“I fell into a beaten Road, where I saw many tracks of Human Feet, and some of Cows, but most of Horses. At last I beheld several Animals in a Field, and one or two of the same kind sitting in Trees. Their Shape was very singular and deformed, which a little discomposed me, so that I lay down behind a thicket to observe them better. Some of them coming forward near the place where I lay, gave me an opportunity of distinctly marking their Forms. Their Heads and Breasts were covered with a thick Hair, some frizzled and others lank; they had beards like Goats, and a long ridge of Hair down their Backs, and the fore-parts of their Legs and Feet, but the rest of their Bodies were bare, so that I might see their Skins, which were of a brown buff Colour.” (Swift 2012, 237)
As the object of disgust “threatens the stability of our corporeity”; it destabilizes the line that separates the inside of our body from its outside. Disgust arises when the border that separates the inside of our body from its outside is violated, when the inside penetrates out, as in the case of blood or shit. “It’s similar with the saliva: as we all know, although we can without problem swallow our own saliva, we find it extremely repulsive to swallow again a saliva [which was spit into a glass] out of our body—again a case of violating the inside/outside frontier” (Rosenkranz 2015, 3)
“the ugly Monster, when he saw me, distorted several ways every Feature of his Visage, and stared at as an Object he had never seen before; then approaching nearer, lifted up his Fore-paw, whether out of Curiosity or Mischief, I could not tell…..Several of this cursed Brood getting hold of the Branches behind leapt up in the Tree, from whence they began to discharge their Excrements on my Head; However, I escaped pretty well, by sticking close to the Stem of the Tree, but was almost stifled with the Filth, which fell about me on every side” (Swift 2012, 238).
Emmanuel Levinas writes, “It would seem that the human individual should be thought of first within the formal framework of his belonging to a genus- the human genus. He is part of a whole, divided into species and culminating in an undivided unity, in the logically ultimate identity of the individual, situated among empirical data and recognizable by specific spatial and temporal indices, in which that unity presents itself as a “being” in its particularity, and which according to Aristotle, “alone exists”, beyond the ideal or abstract existence of genera” (Levinas 169, 72).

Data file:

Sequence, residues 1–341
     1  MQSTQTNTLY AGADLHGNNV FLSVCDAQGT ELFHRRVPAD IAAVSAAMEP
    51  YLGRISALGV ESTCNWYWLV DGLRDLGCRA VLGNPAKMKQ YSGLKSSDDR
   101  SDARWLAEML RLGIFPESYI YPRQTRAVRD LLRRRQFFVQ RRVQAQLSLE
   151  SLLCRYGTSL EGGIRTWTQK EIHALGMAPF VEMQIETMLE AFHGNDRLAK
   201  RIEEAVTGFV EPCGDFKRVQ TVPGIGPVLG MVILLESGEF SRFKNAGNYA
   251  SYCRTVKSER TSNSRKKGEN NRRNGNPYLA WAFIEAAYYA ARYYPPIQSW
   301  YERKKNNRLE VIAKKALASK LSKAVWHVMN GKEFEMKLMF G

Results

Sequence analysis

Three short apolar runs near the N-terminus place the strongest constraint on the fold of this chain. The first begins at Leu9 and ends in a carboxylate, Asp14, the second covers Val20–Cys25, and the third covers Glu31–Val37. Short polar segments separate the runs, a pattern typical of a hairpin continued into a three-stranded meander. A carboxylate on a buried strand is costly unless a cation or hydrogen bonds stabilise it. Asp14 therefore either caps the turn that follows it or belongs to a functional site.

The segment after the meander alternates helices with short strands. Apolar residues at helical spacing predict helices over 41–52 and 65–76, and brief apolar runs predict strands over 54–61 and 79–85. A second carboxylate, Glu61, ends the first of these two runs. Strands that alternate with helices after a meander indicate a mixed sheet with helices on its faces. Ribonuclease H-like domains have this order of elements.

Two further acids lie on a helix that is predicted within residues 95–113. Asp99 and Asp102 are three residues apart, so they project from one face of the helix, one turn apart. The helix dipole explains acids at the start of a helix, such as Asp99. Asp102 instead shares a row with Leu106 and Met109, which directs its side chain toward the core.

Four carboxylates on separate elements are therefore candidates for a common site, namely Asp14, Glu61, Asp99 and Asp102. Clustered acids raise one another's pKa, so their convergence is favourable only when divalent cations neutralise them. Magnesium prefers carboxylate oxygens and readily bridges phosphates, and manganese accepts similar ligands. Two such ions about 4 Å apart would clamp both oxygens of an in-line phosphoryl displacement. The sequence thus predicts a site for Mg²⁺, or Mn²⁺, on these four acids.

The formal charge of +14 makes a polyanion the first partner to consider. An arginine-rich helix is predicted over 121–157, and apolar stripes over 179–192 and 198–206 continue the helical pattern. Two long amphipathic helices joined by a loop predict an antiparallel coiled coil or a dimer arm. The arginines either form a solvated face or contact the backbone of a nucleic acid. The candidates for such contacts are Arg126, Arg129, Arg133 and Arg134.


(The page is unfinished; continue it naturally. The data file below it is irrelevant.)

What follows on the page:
Levinas’ dwelling on “uniqueness” can be read as an interpretation of the idea that binds human beings to a particular form, a particular group that they must stay true to. Any aberration is bound to tease the senses into unease, evoking emotional reactions, and/or ostracization.
When I thought of my family, my friends, my countrymen, or human race in general, I considered them as they really were, Yahoos in shape and Disposition, only a little more civilized, and qualified with the Gift of Speech, but making no other use of Reason, than to improve and multiply those Voices, whereof their Brethren in the country had only the share that Nature allotted them. When I happened to behold the reflection of my own form in a lake or a fountain, I turned away my face in horror and detestation of myself, and could better endure the sight of a common Yahoo, than of my own person. By conversing with the Houyhnhnms, and looking upon them with Delight, I fell to imitate their Gait and Gesture, which is now grown into an Habit, and my friends often tell me in a blunt way that I trot like a horse, which, however, I take for a great compliment” (Swift 2012, 297).
Omnis ars naturae imitatio est.

Works Cited
Levinas, Emmanuel. Entre Nous. Bloomsbury Academic, 2017.
Menninghaus, Winfried, translators: Howard Eiland and Joel Golb. Disgust: The Theory and History of a Strong Sensation. State University Press of New York, 2003.
Nussbaum, Martha. Hiding from Humanity. Princeton University Press, 2004.
Rosenkranz, Karl. The Aesthetics of Ugliness. Bloomsbury Academic, 2015.
Swift, Jonathan. Gulliver’s Travels. Penguin English Library, 2012.